Notorious Congo warlord Bosco Ntaganda was transferred Friday to the International Criminal Court in The Hague.
Mr. Ntaganda was taken from the US Embassy and flown to ICC where he faces charges including murder, rape and persecution in a rebel group’s deadly reign of terror that engulfed eastern Congo a decade ago.
Mr. Ntaganda arrived in The Hague and was taken to a cell shortly before midnight Friday.
He was nicknamed “The Terminator” because of his ruthlessness in war. Mr. Ntaganda became a symbol of impunity in Africa.
Mr. Ntaganda is an army general in the Democratic Republic of Congo and he was wanted by the ICC for war crimes.
Mr. Ntaganda’s transfer was hailed as a crucial step in bringing to justice one of Africa’s most notorious warlords.
The United States of America says for nearly seven years, Ntaganda was a fugitive from justice, evading accountability for alleged violations of international humanitarian law and mass atrocities against innocent civilians, including rape, murder, and the forced recruitment of thousands of Congolese children as soldiers.
“Now there is hope that justice will be done.” – Secretary Kerry
US Welcomes Transfer of Bosco Ntaganda
In his remarks in Washington DC, US Secretary of State John Kerry says the United States welcomes the removal of one of the most notorious and brutal rebels in the Democratic Republic of the Congo, Bosco Ntaganda, from Rwanda to the International Criminal Court in The Hague.
“This is an important moment for all who believe in justice and accountability.” – Secretary Kerry
Kerry says ultimately, peace and stability in the D.R.C. and the Great Lakes will require the restoration of civil order, justice, and accountability.
Secretary Kerry notes that Ntaganda’s expected appearance before the International Criminal Court in The Hague will contribute to that goal, and will also send a strong message to all perpetrators of atrocities that they will be held accountable for their crimes.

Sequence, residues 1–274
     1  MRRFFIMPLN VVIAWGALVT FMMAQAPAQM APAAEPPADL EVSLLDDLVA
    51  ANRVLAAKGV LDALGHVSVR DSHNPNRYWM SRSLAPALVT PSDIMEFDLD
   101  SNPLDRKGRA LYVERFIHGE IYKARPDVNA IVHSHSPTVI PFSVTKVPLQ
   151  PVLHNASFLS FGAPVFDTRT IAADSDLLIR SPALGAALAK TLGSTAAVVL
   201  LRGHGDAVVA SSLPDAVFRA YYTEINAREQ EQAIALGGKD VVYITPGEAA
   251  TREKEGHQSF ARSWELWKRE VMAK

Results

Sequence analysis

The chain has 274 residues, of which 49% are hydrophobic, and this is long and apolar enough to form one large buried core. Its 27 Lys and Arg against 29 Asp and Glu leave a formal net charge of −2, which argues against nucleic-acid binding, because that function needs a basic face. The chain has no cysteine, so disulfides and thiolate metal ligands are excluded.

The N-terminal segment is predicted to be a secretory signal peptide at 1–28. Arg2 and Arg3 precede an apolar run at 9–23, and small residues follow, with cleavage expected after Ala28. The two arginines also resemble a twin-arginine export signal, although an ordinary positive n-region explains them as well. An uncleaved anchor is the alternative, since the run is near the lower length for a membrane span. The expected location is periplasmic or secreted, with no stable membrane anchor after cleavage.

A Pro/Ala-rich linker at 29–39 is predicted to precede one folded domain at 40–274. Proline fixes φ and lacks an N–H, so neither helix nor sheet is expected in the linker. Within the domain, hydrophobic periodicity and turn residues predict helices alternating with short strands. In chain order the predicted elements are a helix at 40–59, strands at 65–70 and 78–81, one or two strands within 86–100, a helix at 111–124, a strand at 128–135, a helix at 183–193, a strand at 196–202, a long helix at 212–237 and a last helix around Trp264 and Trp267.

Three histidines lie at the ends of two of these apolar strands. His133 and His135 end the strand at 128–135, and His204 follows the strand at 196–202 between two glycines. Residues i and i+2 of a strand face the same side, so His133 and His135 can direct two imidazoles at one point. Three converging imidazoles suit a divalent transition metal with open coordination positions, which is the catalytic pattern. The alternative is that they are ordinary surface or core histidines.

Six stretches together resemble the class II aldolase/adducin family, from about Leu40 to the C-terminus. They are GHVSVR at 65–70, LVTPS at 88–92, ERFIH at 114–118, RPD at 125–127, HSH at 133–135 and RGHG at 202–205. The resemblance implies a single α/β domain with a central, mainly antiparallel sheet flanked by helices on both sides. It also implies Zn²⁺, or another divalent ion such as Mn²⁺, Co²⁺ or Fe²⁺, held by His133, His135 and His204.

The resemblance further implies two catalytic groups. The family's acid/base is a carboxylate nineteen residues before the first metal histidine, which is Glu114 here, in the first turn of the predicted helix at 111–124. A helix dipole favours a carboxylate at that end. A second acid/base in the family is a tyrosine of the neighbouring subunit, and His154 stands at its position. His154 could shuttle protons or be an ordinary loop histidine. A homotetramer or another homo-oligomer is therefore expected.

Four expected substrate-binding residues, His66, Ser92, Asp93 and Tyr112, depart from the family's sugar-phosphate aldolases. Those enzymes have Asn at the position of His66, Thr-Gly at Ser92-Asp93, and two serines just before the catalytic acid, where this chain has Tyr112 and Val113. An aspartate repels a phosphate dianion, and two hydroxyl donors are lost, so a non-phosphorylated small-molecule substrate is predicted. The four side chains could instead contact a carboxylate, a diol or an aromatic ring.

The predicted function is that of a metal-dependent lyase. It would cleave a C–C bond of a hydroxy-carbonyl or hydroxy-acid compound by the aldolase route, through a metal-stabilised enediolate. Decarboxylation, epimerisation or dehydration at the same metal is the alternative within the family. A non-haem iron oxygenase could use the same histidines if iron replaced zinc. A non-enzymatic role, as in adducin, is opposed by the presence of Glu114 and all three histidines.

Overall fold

He added the United States is particularly grateful to the Rwandan, Dutch, and British Governments for their cooperation in facilitating the departure of Bosco Ntaganda from Rwanda and his expected surrender to The Hague.
The ICC, which is based in The Hague, is the first permanent international court set up to prosecute individuals for genocide, crimes against humanity, war crimes and the crime of aggression. The DRC is one of seven situations under investigation by the Court, along with Central African Republic (CAR), Cote d’Ivoire, the Darfur region of western Sudan, Libya, Uganda and Kenya.
The recruitment and use of children in armed conflict by foreign and Congolese armed groups continue to this day in the north-east and east of the DRC. The Congolese national army has also used child soldiers.
Instability in Congo Calls for International Response
Citing that Democratic Republic of the Congo as one of those countries that deserves greater research and attention, the United States of America has underlined that the world should redouble its efforts to end instability in the African country.
US says instability in DRC also deserves a higher place on US foreign policy priority list.